Why have I picked on them for having Charles Butts of HEB as their primary donor?  Butts has one issue - he's against school choice, in every form.  With all the money he dumps into the Parent PAC, I often wonder why his candidates, and the parents who rally behind this group with everything but their checkbooks, aren't asking for that money to be redirected to purchase textbooks or white boards or other school supplies (imagine what $10k could buy in one semester).

With "spend more" being the driving force of Parent PAC's rhetoric and purpose, you have to stop and ask what exactly they want "more money" for.  With so many superintendents on their top donors list, it is worth looking at salaries and what has been going on in those school districts.  Round Rock ISD, for instance, where the superintendent, a Parent PAC donor, just got a substantial raise despite presiding over a significant drop in academic achievement in his district.  It is also a worthy question to ask and have answered - are these superintendents from districts whose boards of trustees are suing the state?  Are they asking about efficiency - or are they just upset because there isn't more money being dumped into their coffers without accountability?

I have one more note for today, regarding former State Senator and Lt. Gov. Bill Ratliff.  It is true, he's a parent who gives money to the Parent PAC.  Parent PAC in turn gives money to his kids - SBOE board member Thomas Ratliff, and according to the 30-day reports for this primary cycle, his son Bennett Ratliff, seeking a seat in the Texas House of Representatives.  Gotta love that, right?

Thursday, April 26, 2012

Randy Samuelson for SREC SD 14

The last 48 hours at my house have been extremely busy, as we hit the ground running with a pretty exciting project.  My husband Randy is running for State Republican Executive Committeeman for Senate District 14.

Back in 2004, at the Republican Party of Texas state convention, Randy and I met at the booth for the Young Conservatives of Texas.  He was running the booth, and I was a volunteer sergeant-at-arms.  Ever since then, I've known Randy to be a tireless champion for the conservative cause, and to be especially passionate about empowering grassroots activists.  His decision to run for this position comes from the desire to grow the Republican Party and to improve communication between the grassroots, party leadership, and elected Republican officials.

We face unique challenges in SD 14, and as a native Austinite with roots in the area going back six generations, Randy is in a great position to recognize, articulate, and take on those challenges.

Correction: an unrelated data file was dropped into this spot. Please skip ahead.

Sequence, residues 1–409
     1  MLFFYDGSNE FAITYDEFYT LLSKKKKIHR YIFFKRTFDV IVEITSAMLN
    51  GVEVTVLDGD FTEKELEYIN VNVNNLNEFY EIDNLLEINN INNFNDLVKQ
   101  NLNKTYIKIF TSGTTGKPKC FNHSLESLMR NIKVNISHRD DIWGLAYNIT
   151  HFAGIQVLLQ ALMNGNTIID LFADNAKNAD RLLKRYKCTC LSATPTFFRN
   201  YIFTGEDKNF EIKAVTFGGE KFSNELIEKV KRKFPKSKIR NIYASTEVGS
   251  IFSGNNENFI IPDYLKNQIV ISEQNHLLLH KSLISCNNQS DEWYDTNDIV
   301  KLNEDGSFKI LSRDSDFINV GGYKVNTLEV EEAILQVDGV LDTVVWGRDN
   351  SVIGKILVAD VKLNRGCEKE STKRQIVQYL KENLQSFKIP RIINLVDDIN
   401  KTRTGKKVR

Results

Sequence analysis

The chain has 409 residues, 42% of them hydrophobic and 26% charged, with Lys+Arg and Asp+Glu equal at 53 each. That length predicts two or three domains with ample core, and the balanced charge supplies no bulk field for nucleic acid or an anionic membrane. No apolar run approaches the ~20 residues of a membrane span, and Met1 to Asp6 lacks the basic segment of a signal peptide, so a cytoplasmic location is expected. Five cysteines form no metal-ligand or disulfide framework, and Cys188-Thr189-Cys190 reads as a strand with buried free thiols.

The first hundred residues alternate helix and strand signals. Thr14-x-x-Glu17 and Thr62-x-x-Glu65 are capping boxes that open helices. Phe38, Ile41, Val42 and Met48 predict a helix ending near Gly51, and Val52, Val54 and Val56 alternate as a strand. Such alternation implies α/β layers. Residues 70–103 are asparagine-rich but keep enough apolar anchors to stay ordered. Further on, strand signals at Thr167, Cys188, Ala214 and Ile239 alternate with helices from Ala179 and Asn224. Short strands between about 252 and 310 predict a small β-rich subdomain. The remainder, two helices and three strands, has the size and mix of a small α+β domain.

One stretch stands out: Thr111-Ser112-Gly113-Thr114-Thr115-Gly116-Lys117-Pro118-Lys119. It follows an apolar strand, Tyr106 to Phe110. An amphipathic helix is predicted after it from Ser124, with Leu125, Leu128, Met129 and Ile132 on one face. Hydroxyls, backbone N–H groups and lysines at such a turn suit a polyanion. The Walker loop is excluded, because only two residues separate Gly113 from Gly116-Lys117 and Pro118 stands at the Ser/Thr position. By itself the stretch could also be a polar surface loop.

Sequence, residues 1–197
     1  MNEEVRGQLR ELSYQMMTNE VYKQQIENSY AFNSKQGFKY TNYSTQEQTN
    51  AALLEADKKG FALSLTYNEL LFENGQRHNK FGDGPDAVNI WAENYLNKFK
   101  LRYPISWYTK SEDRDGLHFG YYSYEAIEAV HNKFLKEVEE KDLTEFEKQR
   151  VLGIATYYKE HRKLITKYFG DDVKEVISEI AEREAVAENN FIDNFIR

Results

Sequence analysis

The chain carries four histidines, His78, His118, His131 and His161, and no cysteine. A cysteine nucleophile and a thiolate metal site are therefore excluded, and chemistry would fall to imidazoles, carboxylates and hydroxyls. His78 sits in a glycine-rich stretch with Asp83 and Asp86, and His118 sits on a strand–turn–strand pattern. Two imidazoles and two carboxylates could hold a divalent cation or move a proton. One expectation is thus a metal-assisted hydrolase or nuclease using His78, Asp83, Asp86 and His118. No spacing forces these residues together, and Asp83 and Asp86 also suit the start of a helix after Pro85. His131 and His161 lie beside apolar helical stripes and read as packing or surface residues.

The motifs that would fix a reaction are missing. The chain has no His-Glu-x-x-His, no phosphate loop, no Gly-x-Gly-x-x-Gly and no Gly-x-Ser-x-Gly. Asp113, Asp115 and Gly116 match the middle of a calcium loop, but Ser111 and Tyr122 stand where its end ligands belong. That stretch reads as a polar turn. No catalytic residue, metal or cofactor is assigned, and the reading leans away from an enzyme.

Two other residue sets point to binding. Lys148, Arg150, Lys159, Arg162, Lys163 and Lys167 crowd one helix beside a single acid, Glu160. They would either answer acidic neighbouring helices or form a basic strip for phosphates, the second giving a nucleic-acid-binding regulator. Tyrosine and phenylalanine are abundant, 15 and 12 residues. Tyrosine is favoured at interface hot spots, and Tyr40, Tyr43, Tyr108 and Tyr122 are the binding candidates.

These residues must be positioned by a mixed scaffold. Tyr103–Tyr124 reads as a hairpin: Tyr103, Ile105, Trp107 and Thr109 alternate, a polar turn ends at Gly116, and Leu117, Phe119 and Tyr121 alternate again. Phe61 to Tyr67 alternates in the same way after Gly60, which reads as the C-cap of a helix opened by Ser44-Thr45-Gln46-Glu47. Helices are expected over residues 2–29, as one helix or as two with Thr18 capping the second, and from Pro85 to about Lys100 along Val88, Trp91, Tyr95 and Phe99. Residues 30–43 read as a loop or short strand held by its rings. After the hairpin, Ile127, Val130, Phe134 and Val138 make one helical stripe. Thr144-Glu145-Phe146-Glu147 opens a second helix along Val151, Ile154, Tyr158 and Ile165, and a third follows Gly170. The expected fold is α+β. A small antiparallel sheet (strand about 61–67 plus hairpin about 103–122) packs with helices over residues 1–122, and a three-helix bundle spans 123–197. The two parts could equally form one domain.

I hope we can earn your support, if you're a delegate or alternate to the State Convention from SD 14.  For more on Randy and this race, please go to

Tuesday, April 24, 2012

Statement from RRISD Board Member concerning April 24 meeting

Statement by Terri Romere, Round Rock ISD Trustee, Place 4 regarding the Special Called Meeting dated April 24, 2012:

 “Last week, I was the sole vote against the contract extension of the Round Rock ISD Superintendent. Earlier this year, I voted in the minority against the ISD proposed boundary realignment recommendations. Neither position has proven very popular with many of my fellow trustees or the school district administration. During the boundary realignment consideration, several board members took exception to an email I forwarded in an effort to foster communication between constituents and referred the matter to the County Attorney for criminal investigation. Now, some of those same board members want to go behind closed doors to discuss censuring me for something that has not been disclosed to me or my attorney. I would opine that the fact that I was the lone dissenting vote may be a factor in the timing of this proposed censure. I will not agree to a closed door meeting and have sent notice to the Board demanding that any discussion about a possible censure of me be conducted in an open meeting format, which is my right under Texas law.

 My dissent is a constitutional right and a duty I have to the citizens who elected me. No amount of bullying, intimidation, or harassment is going to silence what I feel is my moral responsibility to my office or my constituents. My fellow board members may take whatever action they feel is necessary, but I will not be taking part in further wasting the Board’s time or our ISD resources. Instead, I will be spending the evening with my critically ill mother who is being transferred to another hospital.”